Case for return of the hard shoulder is now beyond all doubt, writes NICK LYES, head of roads policy at the RAC
Back in 2019, some 67 per cent of drivers told the RAC that they believed that safety had been compromised as a result of removing the hard shoulder on Britain’s motorways.
By this year alone, that figure had leapt to a stunning 84 per cent. And after the Mail’s damning reports on smart motorways this week, I would not be surprised if that number was now very close to 100 per cent.
The case for abolishing so-called ‘All Lane Running’ smart motorways, which remove the hard shoulder entirely but can allow for lane closure in the event of a car breaking down or in certain other circumstances, is now overwhelming.
I was horrified when I read in this newspaper of the litany of problems and technical failures that are putting people’s lives at risk on smart motorways: from cameras breaking down, obscured by leaves or condensation or pointing the wrong way, to outdated equipment and staff failing to monitor the network properly.
Back in 2019, some 67 per cent of drivers told the RAC that they believed that safety had been compromised as a result of removing the hard shoulder on Britain’s motorways (stock image)
But my horror was not matched by surprise.
At the RAC, we have been warning for years about these dangers.
We’ve given key evidence to Government committees citing our grave concerns about the unreliable technology.
We’ve told of drivers suffering blown-out tyres or engine problems and being forced to stop and wait in the far-left lane of the motorway – and initially not realising that they remain helpless in the path of speeding traffic behind them.
We’ve told of these people’s terror as they wait for our patrols to assist them – and, in some cases, how others have even been killed or seriously injured.
When I joined the RAC in 2015 as Head of Roads Policy, there was already growing disquiet about the All Lane Running (ALR) system that the Government had introduced the year before.
Under ALR, the hard shoulder is permanently converted into a running lane unless it needs to be closed following an accident or some other reason.
Even back then, with the scheme still in its relative infancy, it was clear to us from our patrols and from emails sent to our headquarters that drivers did not feel safe in them. Yet, desperate to find a long-term, cheaper way of easing mounting congestion on the country’s road network, successive governments have seemed ever more determined to plough ahead with ALR motorways – despite the mounting strength of feeling against them and the evidence that they can, when things go wrong, be fatal to drivers.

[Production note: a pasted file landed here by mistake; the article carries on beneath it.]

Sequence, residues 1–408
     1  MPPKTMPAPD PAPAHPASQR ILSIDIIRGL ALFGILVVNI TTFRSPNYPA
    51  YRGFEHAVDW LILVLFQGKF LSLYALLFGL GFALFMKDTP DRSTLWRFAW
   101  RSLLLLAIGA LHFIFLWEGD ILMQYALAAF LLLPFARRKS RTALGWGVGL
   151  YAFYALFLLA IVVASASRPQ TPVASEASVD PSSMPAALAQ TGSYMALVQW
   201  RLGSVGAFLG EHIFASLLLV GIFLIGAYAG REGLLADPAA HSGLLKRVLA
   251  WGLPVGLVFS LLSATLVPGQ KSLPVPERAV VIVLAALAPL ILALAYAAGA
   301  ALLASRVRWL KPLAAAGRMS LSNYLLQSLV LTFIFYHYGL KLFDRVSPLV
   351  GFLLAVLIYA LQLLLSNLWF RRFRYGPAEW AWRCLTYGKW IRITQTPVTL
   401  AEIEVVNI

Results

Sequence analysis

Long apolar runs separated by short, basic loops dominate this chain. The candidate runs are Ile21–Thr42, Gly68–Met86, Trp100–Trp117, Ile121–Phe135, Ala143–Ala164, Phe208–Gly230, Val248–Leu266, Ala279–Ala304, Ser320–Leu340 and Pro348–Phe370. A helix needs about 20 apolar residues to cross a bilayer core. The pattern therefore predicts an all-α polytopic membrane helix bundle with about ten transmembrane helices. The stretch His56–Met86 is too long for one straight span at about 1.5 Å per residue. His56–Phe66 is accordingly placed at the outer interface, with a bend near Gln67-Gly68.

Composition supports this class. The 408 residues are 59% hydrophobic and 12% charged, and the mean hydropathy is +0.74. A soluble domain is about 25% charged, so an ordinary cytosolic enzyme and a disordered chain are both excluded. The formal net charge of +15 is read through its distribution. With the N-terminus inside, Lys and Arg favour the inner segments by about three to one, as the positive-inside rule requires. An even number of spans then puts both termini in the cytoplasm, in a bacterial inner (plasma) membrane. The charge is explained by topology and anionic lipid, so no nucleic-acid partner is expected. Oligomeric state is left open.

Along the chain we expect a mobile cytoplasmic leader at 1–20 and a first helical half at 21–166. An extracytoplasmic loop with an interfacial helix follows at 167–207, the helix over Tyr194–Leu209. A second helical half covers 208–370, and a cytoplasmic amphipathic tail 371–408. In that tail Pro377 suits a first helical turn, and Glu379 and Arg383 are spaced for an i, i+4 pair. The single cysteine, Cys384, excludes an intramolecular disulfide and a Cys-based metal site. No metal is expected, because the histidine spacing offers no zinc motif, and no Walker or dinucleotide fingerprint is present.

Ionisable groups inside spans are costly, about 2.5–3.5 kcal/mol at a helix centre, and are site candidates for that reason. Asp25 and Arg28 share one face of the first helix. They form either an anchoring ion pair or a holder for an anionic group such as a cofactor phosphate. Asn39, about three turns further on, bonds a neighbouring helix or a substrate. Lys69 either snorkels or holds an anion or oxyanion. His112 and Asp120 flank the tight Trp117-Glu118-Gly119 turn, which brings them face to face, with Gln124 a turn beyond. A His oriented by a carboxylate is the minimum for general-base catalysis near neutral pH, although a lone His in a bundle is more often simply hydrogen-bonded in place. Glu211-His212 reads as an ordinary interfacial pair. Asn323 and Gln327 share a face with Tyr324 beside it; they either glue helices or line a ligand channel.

That applies doubly if you or one of your passengers is disabled – as, for example, my father is.
If you have mobility issues, it is not always possible to act on the advice of National Highways to get out of your vehicle if it is safe to do so. I would worry terribly if my parents had to undertake a motorway journey these days.
Even when the technology works, it isn’t foolproof: we know that almost 1 in 4 people have admitted to ignoring a ‘lane-closed’ sign telling them there is a blockage or incident ahead.
The case for abolishing so-called ‘All Lane Running’ smart motorways, which remove the hard shoulder entirely but can allow for lane closure in the event of a car breaking down or in certain other circumstances, is now overwhelming (stock image)
Such lapses can kill. Behind all the statistics of deaths on smart motorways (53 people were killed on them in the four years to 2019) there is a terrible human cost – wives, husbands, sons and daughters lost.
Of course, hard shoulders are not a panacea: people get injured and killed on them, too.
But, if your car has broken down, they are undoubtedly a safer place to be than in a live lane with traffic coming up behind you at 70mph.
So, given that traffic levels are likely to continue to increase exponentially in years to come, what is to be done? An obvious solution is more lanes – but that means money and time. Smart motorways cost as little as £5 million per mile compared to £79 million per mile for a whole new lane.
The fact is, though, that smart motorways can work – but only if there are plentiful refuge areas and if the technology makes the system work faultlessly.
So, given that traffic levels are likely to continue to increase exponentially in years to come, what is to be done? An obvious solution is more lanes – but that means money and time (stock image)
Alas, as the Mail has so chillingly illustrated, the problem is that in too many cases it doesn’t.
We at the RAC believe the solution is already there in a return to so-called ‘dynamic hard shoulder’ motorways, which retain the hard shoulder, clearly marked, but which allow this to be opened up to traffic when needed – for example at times of severe congestion.
Stringent speed limits, frequent refuge areas and close monitoring by the relevant agencies must all apply. This, we believe, is a sensible halfway house between the risky madness of ‘ALR’ and the hard shoulder we all used to know.
It has a good safety record, yet last year the Government made a commitment to scrap the ‘dynamic hard shoulder’ altogether.
It is now high time that they reconsidered – and avoided more terrible tragedies on Britain’s roads.
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